Mexican American (MA) elders are more functionally impaired at younger ages than other elders yet use home care services (HCS) less. To determine the possible reasons, nine questionnaires were completed in Spanish or English by MA elders and caregivers living in southern Arizona (N = 280). Contextual, personal, and attitudinal factors were significantly associated with the use of HCS, and cultural/ethnic factors were significantly associated with confidence in HCS. Interventions should be designed and tested to increase the use of HCS by MA elders by increasing service awareness and confidence in HCS while preserving the expectations of familism and reducing caregiving burden.
Bibliographical noteFunding Information:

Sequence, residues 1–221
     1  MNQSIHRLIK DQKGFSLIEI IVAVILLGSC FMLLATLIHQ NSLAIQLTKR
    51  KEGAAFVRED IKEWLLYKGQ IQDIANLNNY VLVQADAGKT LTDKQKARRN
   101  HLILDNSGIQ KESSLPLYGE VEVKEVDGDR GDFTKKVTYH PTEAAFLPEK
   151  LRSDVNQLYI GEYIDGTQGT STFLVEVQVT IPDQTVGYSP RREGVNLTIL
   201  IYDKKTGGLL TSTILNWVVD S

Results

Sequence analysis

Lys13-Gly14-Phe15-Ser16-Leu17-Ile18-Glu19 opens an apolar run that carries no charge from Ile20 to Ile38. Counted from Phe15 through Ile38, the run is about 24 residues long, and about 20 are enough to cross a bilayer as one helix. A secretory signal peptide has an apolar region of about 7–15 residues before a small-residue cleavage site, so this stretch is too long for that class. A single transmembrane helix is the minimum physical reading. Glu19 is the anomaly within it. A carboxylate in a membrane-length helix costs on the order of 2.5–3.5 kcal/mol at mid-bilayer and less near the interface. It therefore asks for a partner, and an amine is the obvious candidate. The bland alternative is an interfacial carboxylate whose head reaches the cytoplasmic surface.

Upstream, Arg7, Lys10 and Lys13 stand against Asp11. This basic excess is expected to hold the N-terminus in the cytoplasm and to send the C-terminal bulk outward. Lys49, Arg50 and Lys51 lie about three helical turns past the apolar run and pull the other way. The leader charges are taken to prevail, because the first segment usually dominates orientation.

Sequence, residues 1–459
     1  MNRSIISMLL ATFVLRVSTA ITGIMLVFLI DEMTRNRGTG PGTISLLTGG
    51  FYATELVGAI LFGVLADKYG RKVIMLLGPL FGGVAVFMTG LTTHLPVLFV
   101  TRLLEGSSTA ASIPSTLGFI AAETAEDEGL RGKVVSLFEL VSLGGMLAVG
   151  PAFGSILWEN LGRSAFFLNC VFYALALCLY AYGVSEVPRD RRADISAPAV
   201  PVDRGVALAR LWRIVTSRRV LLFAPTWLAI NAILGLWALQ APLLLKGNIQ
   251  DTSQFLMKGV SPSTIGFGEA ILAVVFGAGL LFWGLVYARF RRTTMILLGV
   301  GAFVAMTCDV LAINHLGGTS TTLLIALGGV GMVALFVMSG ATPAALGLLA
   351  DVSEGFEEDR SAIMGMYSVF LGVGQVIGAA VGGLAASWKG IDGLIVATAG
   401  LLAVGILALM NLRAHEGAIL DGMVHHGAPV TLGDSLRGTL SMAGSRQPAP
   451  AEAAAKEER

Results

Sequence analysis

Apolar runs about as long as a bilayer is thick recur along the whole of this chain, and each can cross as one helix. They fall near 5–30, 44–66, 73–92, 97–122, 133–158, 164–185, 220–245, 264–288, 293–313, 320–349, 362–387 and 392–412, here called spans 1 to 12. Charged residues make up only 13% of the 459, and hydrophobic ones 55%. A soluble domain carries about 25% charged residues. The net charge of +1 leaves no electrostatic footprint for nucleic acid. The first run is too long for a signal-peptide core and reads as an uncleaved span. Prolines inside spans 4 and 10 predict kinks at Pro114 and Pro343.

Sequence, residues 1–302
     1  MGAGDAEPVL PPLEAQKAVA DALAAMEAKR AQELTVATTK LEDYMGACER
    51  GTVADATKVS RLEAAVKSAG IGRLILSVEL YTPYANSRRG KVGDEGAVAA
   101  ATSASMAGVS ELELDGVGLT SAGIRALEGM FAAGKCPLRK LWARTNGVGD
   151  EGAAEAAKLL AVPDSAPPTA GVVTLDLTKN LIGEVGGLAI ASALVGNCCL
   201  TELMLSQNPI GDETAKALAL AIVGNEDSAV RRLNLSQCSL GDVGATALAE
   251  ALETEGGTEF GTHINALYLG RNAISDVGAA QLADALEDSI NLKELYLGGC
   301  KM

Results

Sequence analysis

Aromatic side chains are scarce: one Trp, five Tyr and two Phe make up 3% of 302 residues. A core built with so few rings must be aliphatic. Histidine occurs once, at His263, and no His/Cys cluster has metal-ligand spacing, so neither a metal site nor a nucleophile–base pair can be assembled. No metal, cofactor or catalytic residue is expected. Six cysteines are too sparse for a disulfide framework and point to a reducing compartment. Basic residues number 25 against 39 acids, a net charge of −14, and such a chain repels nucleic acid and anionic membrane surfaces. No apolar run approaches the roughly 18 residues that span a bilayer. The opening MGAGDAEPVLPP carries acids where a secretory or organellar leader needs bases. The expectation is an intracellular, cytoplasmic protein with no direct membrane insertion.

The National Institute of Nursing Research supported this research through grant 1 R15 NR009031-01. We thank Dr. Linda Phillips, PhD, RN (Professor and Audrienne H. Moseley Endowed Chair in Nursing, College of Nursing, University of California at Los Angeles); Dr. Darlene Mood, PhD (Professor Emeritus, Wayne State University); Dr. Donald Gelfand, PhD (Professor Emeritus, Wayne State University; Affiliate, Arizona State University; Research Associate, Center on Aging, The University of Arizona); and Dr. Souraya Sidani, PhD, RN (Professor, University of Toronto) for their consultation on design and analysis; the Office of Nursing Research Writers' Group for editorial consultation; and research assistants, specialists, and the ENCASA Community Advisory Council for their language and cultural skills in forming an effective community partnership.